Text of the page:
So we were disappointed in the process but also in the content. I'm not a banker or an economist, but I really felt that developed countries were negotiating a trade or economic accord, and those of us on the other end were negotiating an environmental accord. So what was the meeting even about? If the biggest failure of the market is climate change, how are we going to stop climate change by setting up a kind of carbon sub-prime market through carbon trading?
We were supposed to talk about climate change and discuss real solutions, but it seems like we were worlds apart.
JHH: How will the setting and the format of the Cochabamba summit in April differ from what we saw in Copenhagen?
AN: By no means is the Cochabamba meeting replacing the UN system. It's an effort at dialogue, at opening up to each other. Why did Copenhagen fail? One of the failures was not speaking to real people enough, to civil society, and most of the time the best ideas and solutions are coming out of civil society. In Cochabamba we are going to bring those two worlds together, not like in Copenhagen where civil society was on the periphery of the discussion.
And I think if we can get this dialogue more entrenched in the UN process, it will benefit everybody. The most exciting thing about it for me personally is that civil society is not outside in the trenches, but that we as government are listening to civil society, not the other way around. I don't think anything of this sort has been tried before.
JHH: Why has Bolivia taken on such an outsize role in the global stage on the issue of climate change?
AN: Well, mostly because these are not theoretical concerns for us. In Bolivia our glaciers are melting. Tuni Condoriri, one of the glaciers that supplies water to La Paz (the capital), has decreased by 40-45% in the last twenty years. We are talking about a shortage or water for one to two million people.
In the South, countries like Bolivia that don't produce much CO2, we're on the receiving end. We're the ones seeing the negative effects of what others have produced, their economies, their way of life, and they don't see that our countries are bearing the cost.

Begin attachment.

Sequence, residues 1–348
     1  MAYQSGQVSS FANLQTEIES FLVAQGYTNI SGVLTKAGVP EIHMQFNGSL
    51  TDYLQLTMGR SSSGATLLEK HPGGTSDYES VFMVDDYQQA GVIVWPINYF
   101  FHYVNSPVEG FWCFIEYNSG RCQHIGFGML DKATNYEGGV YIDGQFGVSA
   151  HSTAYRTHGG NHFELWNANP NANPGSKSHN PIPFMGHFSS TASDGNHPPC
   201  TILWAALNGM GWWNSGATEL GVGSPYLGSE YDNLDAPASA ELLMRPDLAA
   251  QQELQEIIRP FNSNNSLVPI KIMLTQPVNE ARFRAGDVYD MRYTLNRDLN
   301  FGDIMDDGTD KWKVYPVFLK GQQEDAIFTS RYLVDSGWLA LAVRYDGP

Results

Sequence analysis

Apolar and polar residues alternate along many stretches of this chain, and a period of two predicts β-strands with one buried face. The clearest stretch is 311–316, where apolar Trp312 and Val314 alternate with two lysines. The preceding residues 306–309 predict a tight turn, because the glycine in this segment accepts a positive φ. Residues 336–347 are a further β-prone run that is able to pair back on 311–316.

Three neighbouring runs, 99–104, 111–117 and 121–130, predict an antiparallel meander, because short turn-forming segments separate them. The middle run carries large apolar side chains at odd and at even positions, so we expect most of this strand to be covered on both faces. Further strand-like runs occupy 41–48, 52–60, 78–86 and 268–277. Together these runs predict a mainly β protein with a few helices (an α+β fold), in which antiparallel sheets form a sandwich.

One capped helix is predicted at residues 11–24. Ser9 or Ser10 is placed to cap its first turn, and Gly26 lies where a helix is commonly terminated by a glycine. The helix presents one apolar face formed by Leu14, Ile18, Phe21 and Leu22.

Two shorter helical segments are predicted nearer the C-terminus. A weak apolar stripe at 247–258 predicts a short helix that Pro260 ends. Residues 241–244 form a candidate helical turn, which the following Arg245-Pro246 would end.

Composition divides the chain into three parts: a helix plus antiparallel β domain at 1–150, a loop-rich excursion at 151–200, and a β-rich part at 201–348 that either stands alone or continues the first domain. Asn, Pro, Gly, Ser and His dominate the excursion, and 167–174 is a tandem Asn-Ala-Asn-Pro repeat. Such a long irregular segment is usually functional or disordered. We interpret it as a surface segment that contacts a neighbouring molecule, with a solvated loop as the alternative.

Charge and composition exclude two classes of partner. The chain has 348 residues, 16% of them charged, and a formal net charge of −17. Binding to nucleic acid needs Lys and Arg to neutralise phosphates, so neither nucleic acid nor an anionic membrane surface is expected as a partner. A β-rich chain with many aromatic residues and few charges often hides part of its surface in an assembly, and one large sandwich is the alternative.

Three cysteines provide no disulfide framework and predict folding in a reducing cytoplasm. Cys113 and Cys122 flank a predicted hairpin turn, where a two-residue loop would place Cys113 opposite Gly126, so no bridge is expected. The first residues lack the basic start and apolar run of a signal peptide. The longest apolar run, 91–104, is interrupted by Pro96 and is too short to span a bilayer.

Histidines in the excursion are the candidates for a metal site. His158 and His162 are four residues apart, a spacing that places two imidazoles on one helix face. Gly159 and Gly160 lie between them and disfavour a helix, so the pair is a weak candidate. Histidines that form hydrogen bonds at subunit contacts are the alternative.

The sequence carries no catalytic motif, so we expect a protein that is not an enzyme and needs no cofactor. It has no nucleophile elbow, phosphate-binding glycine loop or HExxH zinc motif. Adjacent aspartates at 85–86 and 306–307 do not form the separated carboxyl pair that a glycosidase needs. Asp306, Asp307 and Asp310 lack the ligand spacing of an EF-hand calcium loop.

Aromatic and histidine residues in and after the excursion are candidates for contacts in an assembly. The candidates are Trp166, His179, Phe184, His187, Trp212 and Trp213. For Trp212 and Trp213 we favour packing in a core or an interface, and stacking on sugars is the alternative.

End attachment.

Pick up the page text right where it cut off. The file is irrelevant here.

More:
You can say we're innovating, not only in climate change, but also in international politics. Why haven't other governments done this before; consulted their own citizens in such a broad way? We're used to consulting in our culture. The way we do things, our surprise is how come this hasn't been done before.
JHH: For Americans traveling to Cochabamba, be they from civil society or representatives of government, what should they expect?
AN: I hope that people come with an open mind, ready to dialogue, to speak but also to listen. Particularly to listen to the diversity of alternatives that are coming from around the world. A lot of the alternatives don't cost millions; it's just that international political will needs to be there so that they can be implemented in those countries that don't have the capacity, or sometimes the finances.
Also they should try to share with us the experiences in your country. We're very interested to hear not only the political part--what is happening with your government--but also what is happening at the local level. How are the grassroots in the U.S. responding to the situation? What are their challenges? What solutions have they found?
Of course maybe what they can expect is a lot of questions about US leadership, or lack thereof. On the international level what we are afraid of, or don't want to see, is the US continuing to put the lowest common denominator out on the table, in terms of reductions. When the U.S. does that, other governments will always be happy to follow along.
So we are very interested in hearing how civil society can help push the U.S. to make these negotiations a higher priority. What can we deliver for the planet? Are we really doing our job now? In Bolivia I think we're trying, trying to produce that kind of leadership.